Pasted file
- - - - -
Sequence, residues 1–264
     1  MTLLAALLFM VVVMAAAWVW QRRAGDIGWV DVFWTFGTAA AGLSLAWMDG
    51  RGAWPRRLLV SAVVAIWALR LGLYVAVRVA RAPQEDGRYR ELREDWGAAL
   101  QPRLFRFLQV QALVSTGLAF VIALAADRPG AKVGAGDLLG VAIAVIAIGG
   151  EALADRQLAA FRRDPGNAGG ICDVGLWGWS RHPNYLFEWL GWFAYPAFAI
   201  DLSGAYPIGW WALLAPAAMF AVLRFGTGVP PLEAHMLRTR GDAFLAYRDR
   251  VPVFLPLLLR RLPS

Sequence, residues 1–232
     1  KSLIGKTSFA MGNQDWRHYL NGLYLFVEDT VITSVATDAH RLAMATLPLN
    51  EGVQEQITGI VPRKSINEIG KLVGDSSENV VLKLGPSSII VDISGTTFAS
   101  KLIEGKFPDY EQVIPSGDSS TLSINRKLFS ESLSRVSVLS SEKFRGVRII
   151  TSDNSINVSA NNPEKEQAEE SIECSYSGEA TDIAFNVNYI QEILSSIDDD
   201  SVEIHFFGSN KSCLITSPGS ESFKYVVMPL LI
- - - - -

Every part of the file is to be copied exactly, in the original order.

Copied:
Sequence, residues 1–264
     1  MTLLAALLFM VVVMAAAWVW QRRAGDIGWV DVFWTFGTAA AGLSLAWMDG
    51  RGAWPRRLLV SAVVAIWALR LGLYVAVRVA RAPQEDGRYR ELREDWGAAL
   101  QPRLFRFLQV QALVSTGLAF VIALAADRPG AKVGAGDLLG VAIAVIAIGG
   151  EALADRQLAA FRRDPGNAGG ICDVGLWGWS RHPNYLFEWL GWFAYPAFAI
   201  DLSGAYPIGW WALLAPAAMF AVLRFGTGVP PLEAHMLRTR GDAFLAYRDR
   251  VPVFLPLLLR RLPS

Sequence, residues 1–232
     1  KSLIGKTSFA MGNQDWRHYL NGLYLFVEDT VITSVATDAH RLAMATLPLN
    51  EGVQEQITGI VPRKSINEIG KLVGDSSENV VLKLGPSSII VDISGTTFAS
   101  KLIEGKFPDY EQVIPSGDSS TLSINRKLFS ESLSRVSVLS SEKFRGVRII
   151  TSDNSINVSA NNPEKEQAEE SIECSYSGEA TDIAFNVNYI QEILSSIDDD
   201  SVEIHFFGSN KSCLITSPGS ESFKYVVMPL LI